Review by Alyx Jones
Developer: Lukas Navratil
Composer: Matthew Steed
Reviewed on: Mac (Steam)
Alyx Jones audio reviews the puzzle-platformer, Toby: The Secret Mine. Read below to find out what she thinks of the game audio!
Toby: The Secret Mine is a puzzle-platformer game with mild horror elements. It draws heavy inspiration from the game Limbo, in terms of game mechanics and art style, with Nihilumbra and Type:Rider also cited as other sources of inspiration. The use of silhouettes as an art style has become more popular recently, especially since the incredible success of Limbo, and this game is set out in a very similar artistic layout. The main difference being the backdrops use of very strong colour palettes. It is a very gorgeous, art-centred game but there is such a strong comparison to be drawn with Limbo, that it is difficult to separate the two stylistically.
We begin with the kidnapping of some creatures and spend the whole game journeying to save the captured residents and bring them home. Each level boasts different challenges and puzzles to complete correctly in order to progress, as well as varying colour schemes to shape the mood for each section of the game. There are points that may find the player getting frustrated with solving the puzzles or replaying challenges to get timings just right, but overall it’s a rewarding experience.
Sound design features strongly in the same way as Limbo. Soundscaping with the use of buzzing flies, is even lifted directly from Limbo but with many more layers. For example, a bird song that actually takes away from the horror aspect, by using drones instead of more positive sounds like birds. However, the main difference in Toby: The Secret Mine, is that music is much more heavily used, and therefore more prominent in the mix. In the more grey-scale looking worlds where is is constantly raining, the sound of the weather does come through over the music, with soft piano notes playing behind. When it comes to levels set in the desert, the sound design falls back in the mix somewhat. It is still perfectly audible but the music takes precedence in setting the scene. Until Toby gets eaten by the worms in the sand. His deaths in places are much louder and create that distinctive discomfort to the player in letting their character die, since the audio can be such a graphic ripping/tearing sound that cuts through the mix. I would say the balance between music and sound design isn’t 100% consistent throughout the game. Individually on a level by level basis each mix is perfectly fine, yet when looking at the game as an entirety; some levels feature louder deaths or a different ratio of music/sound effects that doesn’t always make perfect sense.
Matthew Steed created the musical worlds for Toby: The Secret Mine, setting the scene across the game with a stripped back orchestral sound of strings, piano and percussion. He describes himself as creating AAA quality soundtracks for various visual media and his work on Toby does live up to this. His music does really help to set the game apart from its comparison to Limbo. Sonically, the music for Toby is completely different. Lukas Navratil describes his game as dark and eerie, though the music works against this description. Steed’s AAA puzzle-platformer soundtrack helps to separate the game from Limbo but perhaps fails to reinforce the intended horror aspect. In levels such as the winter scenery when Toby is involved in a chase it crosses over very much into AAA territory. The pounding of drums, staccato strings and rumbling of the mountains collapsing, takes us away from the softer puzzle aspects of the game and into a dramatic “run for your life” space. As we progress towards the end the threats ramp up adding to the drama and tension of the game, still the music then falls back into a more melodic puzzle vibe, adding some flute layers and pads that tend to be more likely to create a relaxing mood. Even the final level, where we face the kidnappers, bombs and lots of rotating blades, the music never picks up to the same intensity created in the earlier winter level. This just adds to the subtle inconsistency of the audio. I am definitely a fan of when music tells the player a different message to the visuals, it can be a clever way of changing the mood of the game or hinting at what is to come. However, the winter chase stands out too much and never manifests in the final levels, where it would have made more sense to have dramatic music. None of this really impacts on the game too strongly, it just hints towards a slight communication gap between the music and visuals, and indeed perhaps the developer and composer. Steed’s music is crafted with skill and produced to a high standard but was it right for this game?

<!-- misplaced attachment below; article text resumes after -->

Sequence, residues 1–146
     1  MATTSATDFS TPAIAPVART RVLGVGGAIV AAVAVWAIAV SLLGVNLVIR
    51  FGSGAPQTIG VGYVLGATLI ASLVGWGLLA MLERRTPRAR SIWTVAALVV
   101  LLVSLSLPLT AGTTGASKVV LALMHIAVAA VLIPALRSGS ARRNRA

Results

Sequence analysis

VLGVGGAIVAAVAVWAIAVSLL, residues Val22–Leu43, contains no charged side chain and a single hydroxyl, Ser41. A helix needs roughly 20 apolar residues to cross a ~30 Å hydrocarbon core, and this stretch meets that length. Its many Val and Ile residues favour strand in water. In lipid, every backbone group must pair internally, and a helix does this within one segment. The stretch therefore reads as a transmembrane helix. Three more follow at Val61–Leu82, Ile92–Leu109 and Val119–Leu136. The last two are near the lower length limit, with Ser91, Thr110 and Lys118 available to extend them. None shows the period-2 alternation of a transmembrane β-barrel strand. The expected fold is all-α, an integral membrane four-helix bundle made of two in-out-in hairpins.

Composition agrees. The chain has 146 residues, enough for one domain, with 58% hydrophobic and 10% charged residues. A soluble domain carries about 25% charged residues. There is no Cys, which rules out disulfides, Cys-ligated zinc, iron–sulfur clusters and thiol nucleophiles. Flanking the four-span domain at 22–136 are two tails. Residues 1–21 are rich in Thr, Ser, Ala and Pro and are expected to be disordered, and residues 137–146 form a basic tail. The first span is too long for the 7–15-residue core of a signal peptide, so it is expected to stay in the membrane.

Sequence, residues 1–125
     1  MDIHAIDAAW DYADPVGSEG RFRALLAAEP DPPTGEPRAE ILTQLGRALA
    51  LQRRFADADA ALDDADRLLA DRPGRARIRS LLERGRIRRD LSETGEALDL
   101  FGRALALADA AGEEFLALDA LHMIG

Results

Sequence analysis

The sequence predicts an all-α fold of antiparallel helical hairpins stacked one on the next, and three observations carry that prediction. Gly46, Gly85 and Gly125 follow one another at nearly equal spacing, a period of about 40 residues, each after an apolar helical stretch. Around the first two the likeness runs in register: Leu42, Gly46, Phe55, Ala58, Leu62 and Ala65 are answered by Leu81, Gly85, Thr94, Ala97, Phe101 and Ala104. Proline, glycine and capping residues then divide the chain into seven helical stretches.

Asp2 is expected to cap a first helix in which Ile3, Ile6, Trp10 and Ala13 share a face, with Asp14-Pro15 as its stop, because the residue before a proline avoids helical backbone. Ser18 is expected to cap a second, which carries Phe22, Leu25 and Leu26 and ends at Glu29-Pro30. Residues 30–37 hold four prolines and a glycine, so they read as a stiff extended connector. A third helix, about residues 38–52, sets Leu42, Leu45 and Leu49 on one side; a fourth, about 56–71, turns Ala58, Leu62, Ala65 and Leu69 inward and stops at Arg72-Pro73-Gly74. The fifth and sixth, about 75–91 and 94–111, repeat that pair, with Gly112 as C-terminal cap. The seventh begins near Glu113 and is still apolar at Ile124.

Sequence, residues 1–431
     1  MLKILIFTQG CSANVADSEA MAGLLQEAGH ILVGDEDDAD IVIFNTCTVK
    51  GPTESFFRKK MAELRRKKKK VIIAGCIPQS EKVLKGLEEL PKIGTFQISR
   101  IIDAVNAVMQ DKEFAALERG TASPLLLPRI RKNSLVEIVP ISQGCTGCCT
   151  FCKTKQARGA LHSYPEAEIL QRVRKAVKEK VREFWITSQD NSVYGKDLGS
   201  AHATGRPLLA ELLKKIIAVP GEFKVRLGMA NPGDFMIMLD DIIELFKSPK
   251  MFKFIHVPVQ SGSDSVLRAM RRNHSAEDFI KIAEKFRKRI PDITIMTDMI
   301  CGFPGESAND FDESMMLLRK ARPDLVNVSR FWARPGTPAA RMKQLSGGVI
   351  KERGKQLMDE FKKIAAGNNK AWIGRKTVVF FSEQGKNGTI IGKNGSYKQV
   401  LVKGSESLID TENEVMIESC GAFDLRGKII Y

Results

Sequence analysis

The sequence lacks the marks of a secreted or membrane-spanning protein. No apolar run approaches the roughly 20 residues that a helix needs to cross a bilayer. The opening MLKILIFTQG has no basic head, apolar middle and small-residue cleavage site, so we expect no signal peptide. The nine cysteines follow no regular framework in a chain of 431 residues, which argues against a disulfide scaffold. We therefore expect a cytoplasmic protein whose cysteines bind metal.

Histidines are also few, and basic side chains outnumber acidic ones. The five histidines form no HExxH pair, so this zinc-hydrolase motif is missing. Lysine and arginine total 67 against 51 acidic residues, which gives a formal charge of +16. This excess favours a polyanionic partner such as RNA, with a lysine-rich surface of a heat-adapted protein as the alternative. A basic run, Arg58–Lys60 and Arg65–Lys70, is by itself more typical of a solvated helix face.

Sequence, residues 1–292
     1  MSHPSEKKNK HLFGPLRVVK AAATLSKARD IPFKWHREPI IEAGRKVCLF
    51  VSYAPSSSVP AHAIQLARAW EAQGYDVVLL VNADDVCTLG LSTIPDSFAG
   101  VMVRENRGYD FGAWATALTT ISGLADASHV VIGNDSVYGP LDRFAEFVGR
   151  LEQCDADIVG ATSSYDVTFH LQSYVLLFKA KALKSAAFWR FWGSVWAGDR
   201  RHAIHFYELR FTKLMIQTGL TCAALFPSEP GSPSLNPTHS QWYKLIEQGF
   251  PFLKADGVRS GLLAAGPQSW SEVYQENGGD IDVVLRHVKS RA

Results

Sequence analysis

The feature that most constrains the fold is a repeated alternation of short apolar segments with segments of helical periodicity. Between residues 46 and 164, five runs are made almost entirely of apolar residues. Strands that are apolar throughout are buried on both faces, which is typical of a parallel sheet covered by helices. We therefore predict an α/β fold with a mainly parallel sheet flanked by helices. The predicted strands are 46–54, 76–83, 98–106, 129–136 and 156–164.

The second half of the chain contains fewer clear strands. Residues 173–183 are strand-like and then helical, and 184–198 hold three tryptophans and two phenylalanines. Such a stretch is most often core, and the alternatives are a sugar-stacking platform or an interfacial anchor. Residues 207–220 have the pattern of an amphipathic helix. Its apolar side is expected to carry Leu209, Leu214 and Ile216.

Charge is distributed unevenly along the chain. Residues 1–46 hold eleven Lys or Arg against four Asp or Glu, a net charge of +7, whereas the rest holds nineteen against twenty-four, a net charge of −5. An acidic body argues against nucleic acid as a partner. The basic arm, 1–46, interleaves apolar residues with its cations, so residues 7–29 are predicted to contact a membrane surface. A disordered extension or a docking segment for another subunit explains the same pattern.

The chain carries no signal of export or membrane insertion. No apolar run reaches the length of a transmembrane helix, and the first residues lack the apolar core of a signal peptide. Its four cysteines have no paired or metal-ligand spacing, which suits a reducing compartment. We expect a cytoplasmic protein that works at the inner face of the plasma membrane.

Limbo’s composer Martin Stig Anderson did an incredible job of creating that eerie, dark and unsettling soundscape that really heavily shapes the game. It would be unfair to compare Steed and Anderson too much but if a developer describes his game as “an eerie adventure in a dark and creepy world full of dangerous situations” the composer plays a really important part in shaping that atmosphere and I think sadly this soundtrack falls short in that aspect.
Overall, the audio shapes Toby: The Secret Mine to feel much more like a magical, puzzle-platformer than a game with any horror aspects at all. The sound design of birds song, matched with the twinkles and strings of the soundtrack, plus the “Yippee” from the small creatures when saved, is a very different vibe to that of Limbo. The game is fun to play, and if you did enjoy Limbo but are less into experimental soundscaping and drones, but more a fan of “AAA sounding” games, this is probably perfect for you. I certainly enjoyed playing the game and overall it is still a well crafted product but don’t expect it to push any boundaries within the indie scene.
To see my Beta Review:
The Sound Architect